Burial Societies: Treasury's Spin a Joke, Public Will Pay Tax on Graves

Treasury insisted earlier that no, grieving families won't have to pay property tax on cemetery plots, the burial societies will. The burial societies think not.

The Finance Ministry may deny reports that families will have to pay property tax (arnona) on the cemetery plots of their dead, and that the burial socities will cover the bill. But the burial societies beg to differ, on Sunday calling the treasury's version "a bad joke". 

Over the weekend, the media reported the Finance Ministry's plan to charge arnona on burial plots. The ministry elaborated that it means to revoke the property tax exemption for religious Jewish burial societies (hevrot kadisha),  which run cemeteries all over the country.

“There is no truth to the report that we will demand property tax on a cemetery plot,” said a Finance Ministry spokesman on Sunday. “For years the burial societies were required to pay local property tax for the area of the cemeteries, which legally is considered land used by the [local] Religious Council; just as is any institution required to pay property tax, such as the IDF does for its bases, and so on.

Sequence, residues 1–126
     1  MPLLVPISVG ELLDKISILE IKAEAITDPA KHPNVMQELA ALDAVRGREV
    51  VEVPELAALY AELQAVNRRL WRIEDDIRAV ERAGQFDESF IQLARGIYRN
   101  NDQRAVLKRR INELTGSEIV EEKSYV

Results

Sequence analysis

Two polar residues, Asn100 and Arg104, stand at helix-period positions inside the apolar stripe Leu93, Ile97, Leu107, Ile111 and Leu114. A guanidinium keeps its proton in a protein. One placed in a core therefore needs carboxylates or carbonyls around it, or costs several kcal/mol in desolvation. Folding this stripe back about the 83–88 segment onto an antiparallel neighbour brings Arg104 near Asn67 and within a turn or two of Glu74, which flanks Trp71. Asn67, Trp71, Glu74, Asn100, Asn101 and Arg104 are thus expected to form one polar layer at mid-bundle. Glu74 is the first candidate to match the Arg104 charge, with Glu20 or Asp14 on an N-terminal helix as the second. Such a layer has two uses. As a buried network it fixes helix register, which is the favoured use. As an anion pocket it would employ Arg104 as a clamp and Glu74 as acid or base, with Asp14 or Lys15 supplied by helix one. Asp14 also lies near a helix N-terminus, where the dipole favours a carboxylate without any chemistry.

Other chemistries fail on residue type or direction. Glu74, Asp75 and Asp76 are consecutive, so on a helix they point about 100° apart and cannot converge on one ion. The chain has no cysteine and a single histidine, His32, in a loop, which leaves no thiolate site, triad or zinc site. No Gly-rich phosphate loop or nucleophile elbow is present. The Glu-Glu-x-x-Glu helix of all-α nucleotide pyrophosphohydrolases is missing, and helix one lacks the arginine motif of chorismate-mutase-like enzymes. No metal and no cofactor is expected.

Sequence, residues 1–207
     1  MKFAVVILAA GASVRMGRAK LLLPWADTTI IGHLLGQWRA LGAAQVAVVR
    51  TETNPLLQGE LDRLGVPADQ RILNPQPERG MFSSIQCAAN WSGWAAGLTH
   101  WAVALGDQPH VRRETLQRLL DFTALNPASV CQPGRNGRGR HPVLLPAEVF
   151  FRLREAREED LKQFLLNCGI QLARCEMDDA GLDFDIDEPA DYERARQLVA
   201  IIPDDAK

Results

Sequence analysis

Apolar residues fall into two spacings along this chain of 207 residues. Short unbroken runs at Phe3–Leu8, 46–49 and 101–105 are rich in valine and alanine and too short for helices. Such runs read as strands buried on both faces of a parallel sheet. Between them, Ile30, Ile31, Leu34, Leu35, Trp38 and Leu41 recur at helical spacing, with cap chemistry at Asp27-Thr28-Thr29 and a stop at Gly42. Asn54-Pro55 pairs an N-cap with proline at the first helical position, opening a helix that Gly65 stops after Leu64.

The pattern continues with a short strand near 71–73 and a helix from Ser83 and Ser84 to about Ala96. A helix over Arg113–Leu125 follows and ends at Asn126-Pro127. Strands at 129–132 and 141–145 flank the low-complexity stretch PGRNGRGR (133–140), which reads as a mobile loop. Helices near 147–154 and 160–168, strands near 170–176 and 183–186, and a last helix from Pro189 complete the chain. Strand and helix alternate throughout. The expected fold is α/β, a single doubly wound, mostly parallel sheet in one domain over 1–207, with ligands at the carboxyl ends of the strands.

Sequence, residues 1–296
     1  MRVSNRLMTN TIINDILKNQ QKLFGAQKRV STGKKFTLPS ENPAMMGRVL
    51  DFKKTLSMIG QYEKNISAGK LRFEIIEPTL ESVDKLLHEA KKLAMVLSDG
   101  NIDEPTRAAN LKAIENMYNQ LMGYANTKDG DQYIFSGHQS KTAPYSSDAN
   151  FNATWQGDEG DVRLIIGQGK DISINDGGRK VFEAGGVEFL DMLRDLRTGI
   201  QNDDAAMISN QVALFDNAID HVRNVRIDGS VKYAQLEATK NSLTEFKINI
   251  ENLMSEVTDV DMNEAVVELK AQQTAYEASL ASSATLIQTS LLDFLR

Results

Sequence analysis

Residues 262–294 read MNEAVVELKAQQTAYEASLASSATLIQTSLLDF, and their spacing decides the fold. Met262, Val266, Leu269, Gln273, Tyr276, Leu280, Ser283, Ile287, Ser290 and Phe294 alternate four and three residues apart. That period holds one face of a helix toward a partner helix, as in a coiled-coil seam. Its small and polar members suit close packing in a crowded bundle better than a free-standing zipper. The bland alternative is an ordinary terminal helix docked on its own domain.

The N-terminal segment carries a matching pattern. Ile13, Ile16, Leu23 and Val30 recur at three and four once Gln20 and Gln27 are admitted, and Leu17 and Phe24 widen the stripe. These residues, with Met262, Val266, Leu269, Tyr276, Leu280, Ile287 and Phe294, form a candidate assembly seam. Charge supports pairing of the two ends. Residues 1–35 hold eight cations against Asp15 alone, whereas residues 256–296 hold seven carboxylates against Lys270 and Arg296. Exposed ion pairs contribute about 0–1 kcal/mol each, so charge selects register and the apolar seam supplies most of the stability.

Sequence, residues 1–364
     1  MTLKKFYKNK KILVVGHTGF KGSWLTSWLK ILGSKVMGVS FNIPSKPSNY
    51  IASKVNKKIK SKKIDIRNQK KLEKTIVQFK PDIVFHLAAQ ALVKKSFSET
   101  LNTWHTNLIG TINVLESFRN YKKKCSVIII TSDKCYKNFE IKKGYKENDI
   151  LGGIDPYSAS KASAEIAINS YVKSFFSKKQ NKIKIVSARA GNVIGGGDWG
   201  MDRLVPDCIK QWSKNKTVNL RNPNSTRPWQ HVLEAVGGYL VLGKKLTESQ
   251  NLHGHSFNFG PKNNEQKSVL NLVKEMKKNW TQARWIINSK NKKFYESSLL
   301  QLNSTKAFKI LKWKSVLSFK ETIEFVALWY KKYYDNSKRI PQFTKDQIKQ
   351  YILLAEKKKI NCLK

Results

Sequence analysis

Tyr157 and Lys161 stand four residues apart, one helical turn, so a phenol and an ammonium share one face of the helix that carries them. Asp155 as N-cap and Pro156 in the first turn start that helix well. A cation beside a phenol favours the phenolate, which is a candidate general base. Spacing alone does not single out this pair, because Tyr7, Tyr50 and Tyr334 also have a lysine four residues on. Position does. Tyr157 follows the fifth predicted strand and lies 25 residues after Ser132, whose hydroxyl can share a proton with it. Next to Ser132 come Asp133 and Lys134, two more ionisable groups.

“Until July 2010, the burial societies were required to pay property tax on the areas used for burial they manage. This payment was stopped after a law passed in the Knesset in July 2010, sponsored by MK Moshe Gafni, which granted the burial societies an exemption from property taxes. As a result, local authorities’ revenues fell by tens of millions of shekels," said the treasury spokesman.

The forum of Hevrot Kadishot responded to the treasury’s statements: “This is a joke in bad taste from the treasury officials. When the officials were faced with the public’s fury this morning as a result of their original intention to levy property tax on burial plots, they are not trying to spin [the issue] in an attempt to calm the public and claim as if the property tax will be levied on the Hevrot Kadishot,” said the forum, headed by Zeev Rozenberg.